In 2004, in Edinburgh, Thomas McKendrick was killed by his best friend, 22-year-old Allan Menzies, who believed that he needed to have a “fresh kill” under his belt in order to become a vampire. Claiming that he was under orders from Anne Rice's iconic vampire queen, Akasha, he bludgeoned McKendrick with a hammer, stabbed him repeatedly, drank his blood out of a chalice, and even somehow managed to consume part of his skull. In another mysterious twist, Menzies died (suddenly and under mysterious circumstances) in his prison cell, while in the process of serving a life sentence.
The New Orleans Vampire Association Is for Blood Drinkers and Do-Gooders
The New Orleans Vampire Association (or NOVA) is a non-profit organization comprised of seven “houses” (all bearing enigmatic names like “House of Mystic Echoes" or “Esoteric Gateway Order"). This organization is different in that it's focused on community outreach that goes beyond "mere" vampirism: members regularly feed the homeless and organize community benefits for the poor at Thanksgiving, Easter, and Christmas.
According to an article in the The Washington Post, many of the organization's donors are friends who simply volunteer their blood, and some donate it for money, like one would at any other blood bank or plasma center. Sometimes, too, members merely decide to approach individuals they think might be into it. (According to the author of this story, who did volunteer his blood for the sake of a juicy tale, the consuming vampire used a disposable scalpel to make a prick in his back, then “put his mouth over the warm liquid, and lapped it up.")
Voices of the Vampire Connects Blood Drinkers Through Their Facebook Page
Voices of the Vampire, or Vampire Community News, is an organization that facilitates a wide variety of balls, get-togethers, and other events, and endorses safe blood-drinking practices. “We are physically human, and susceptible to human diseases,” the group's Q&A reminds active blood drinkers; and organization founders advise human donors to always “supply medical documentation to show they are free of blood-borne diseases.”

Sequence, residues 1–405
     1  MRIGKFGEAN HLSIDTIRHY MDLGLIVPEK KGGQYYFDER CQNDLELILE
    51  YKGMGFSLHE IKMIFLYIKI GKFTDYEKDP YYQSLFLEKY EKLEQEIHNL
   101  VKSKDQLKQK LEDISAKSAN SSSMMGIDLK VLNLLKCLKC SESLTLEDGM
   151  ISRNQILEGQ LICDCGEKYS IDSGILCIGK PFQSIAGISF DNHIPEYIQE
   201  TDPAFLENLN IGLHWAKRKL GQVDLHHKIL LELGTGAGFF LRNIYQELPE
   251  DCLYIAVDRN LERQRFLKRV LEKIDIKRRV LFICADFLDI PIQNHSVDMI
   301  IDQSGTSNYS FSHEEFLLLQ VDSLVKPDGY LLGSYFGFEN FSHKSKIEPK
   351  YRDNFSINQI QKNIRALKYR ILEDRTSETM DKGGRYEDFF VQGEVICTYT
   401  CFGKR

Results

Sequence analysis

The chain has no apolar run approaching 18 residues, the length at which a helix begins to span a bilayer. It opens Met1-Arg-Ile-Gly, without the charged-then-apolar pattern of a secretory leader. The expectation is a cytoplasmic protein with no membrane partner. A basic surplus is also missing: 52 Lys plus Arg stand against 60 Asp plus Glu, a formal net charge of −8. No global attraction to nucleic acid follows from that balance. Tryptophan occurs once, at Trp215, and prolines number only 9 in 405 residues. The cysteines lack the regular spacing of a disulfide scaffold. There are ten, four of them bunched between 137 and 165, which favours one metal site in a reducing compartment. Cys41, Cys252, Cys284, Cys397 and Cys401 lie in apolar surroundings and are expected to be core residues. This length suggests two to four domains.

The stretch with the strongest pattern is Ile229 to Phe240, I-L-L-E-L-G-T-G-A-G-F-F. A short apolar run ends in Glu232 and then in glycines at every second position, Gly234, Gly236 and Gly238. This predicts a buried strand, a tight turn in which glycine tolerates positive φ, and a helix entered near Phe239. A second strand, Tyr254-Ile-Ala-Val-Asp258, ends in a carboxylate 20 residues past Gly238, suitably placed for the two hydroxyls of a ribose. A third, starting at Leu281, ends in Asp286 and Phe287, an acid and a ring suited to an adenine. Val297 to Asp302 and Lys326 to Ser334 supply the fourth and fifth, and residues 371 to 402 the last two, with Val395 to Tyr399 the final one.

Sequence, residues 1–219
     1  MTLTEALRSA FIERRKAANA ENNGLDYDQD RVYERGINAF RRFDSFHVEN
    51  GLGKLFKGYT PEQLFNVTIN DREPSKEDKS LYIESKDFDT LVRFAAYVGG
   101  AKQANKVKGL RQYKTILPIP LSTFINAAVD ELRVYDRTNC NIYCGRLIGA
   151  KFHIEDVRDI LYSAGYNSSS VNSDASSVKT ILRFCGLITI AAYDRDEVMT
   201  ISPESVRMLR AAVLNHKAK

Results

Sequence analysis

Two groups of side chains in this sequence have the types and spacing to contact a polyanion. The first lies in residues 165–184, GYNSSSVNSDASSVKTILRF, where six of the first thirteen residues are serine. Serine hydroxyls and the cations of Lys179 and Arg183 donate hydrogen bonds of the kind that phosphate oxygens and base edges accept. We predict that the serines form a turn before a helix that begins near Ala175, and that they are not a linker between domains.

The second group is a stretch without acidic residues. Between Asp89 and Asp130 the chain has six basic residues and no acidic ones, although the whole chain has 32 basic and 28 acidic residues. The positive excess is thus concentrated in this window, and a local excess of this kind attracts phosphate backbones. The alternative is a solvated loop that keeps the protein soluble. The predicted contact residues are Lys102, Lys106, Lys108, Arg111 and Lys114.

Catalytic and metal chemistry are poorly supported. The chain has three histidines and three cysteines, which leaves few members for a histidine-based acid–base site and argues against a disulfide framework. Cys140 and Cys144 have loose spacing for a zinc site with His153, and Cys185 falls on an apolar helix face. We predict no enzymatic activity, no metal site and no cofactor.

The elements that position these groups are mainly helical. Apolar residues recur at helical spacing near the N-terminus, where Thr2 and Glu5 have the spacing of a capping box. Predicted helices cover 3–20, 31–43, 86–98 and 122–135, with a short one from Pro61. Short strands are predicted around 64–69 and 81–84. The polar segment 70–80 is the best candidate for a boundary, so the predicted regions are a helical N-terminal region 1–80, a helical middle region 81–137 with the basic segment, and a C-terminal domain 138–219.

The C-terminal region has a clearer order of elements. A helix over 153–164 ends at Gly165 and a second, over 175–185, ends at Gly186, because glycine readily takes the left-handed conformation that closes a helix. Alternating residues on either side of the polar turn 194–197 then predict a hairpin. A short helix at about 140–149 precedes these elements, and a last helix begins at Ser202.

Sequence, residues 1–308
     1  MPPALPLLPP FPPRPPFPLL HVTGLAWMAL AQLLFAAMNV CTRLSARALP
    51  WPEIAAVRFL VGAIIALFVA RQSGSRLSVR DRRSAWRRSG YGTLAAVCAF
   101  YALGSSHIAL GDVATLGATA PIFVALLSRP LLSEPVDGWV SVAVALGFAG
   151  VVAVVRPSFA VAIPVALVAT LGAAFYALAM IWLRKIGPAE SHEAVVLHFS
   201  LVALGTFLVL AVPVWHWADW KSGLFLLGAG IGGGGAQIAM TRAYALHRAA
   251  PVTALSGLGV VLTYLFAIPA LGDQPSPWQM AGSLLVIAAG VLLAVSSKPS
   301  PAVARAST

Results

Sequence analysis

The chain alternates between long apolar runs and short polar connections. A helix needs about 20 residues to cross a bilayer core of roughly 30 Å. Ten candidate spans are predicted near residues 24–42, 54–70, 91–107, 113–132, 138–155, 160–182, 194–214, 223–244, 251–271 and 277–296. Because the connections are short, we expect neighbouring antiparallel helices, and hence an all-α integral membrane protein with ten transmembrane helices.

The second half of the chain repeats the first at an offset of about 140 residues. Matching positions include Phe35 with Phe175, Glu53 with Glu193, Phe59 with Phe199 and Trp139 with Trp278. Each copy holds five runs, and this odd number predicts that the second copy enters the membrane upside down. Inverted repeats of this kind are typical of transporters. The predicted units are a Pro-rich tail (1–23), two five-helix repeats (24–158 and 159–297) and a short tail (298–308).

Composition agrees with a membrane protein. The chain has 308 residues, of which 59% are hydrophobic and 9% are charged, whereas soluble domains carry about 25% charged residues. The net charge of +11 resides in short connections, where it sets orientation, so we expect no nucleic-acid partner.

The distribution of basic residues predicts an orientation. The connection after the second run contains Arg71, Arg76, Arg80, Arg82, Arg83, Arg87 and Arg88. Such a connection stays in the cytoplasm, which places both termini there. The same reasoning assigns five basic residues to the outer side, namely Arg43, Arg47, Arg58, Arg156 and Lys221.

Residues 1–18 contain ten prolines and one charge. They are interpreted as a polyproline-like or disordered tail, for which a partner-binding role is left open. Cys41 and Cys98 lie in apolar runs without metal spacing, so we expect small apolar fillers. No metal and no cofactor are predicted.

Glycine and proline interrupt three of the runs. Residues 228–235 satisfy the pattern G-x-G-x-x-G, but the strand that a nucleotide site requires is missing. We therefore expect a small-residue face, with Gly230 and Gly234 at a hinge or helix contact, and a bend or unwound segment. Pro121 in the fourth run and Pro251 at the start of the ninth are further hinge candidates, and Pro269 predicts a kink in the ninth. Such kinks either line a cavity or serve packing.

Feeding is done according to personal preference (i.e., open-mouthed or tubal), and the group's active Facebook page contains discussion on many feeding-related issues. It also contains links to many scholarly resources, like TED Talks on “how young blood might reduce aging.”
Daniel and Manuela Ruda Murdered a Friend to Drink Her Blood
The tale of Daniel and Manuela Ruda, the German Satanist couple who were finally committed (for life, but not to each other) after they murdered an acquaintance, is a sobering one indeed. According to reports, Manuela, who met her husband online via a Satanic "lonely hearts" personal ad, had a long history in the London vampire cult scene; by her own admission, she regularly "went to 'bite parties' where people drank each others' blood."
After the killing, the couple ritualistically consumed their victim's blood, though Mrs. Ruda expressed her dismay (and surprise) that "after the killing she did not turn into a vampire." The article also briefly touches upon the "growing problem" of "young Satanists," and points out that Satanic and vampire cults are "most common in the depressed towns and villages of the former communist east of [Germany]."
Vampires of the Sunshine State Congregate at The Castle
Tampa's The Castle nightclub, located in the Ybor City historic district, is home to more than just partygoers with run-of-the-mill goth tendencies. According to the Tampa Bay Times, the club is home to a monthly gathering of real vampires, whose group was founded, and is led, by an enigmatic 39-year-old named Evan Christopher.
According to the article, some of the group's members feed on blood offered by donors known as "black swans," while others feed, reciprocally or otherwise, on their lovers during sex. The article explains how, "after a decade in the Air Force," Christopher "went to New York to apprentice as a fangsmith under a national elder;" he established his coven shortly thereafter.
One of the group's members claims she's been liking blood and eating rare meat since childhood. She also gets into various common modes of blood-drinking, which include buying a finger-pricker at a drugstore, drinking out of medical suction cups, or simply "nursing right off the skin." Which, like breastfeeding, is probably the healthiest option.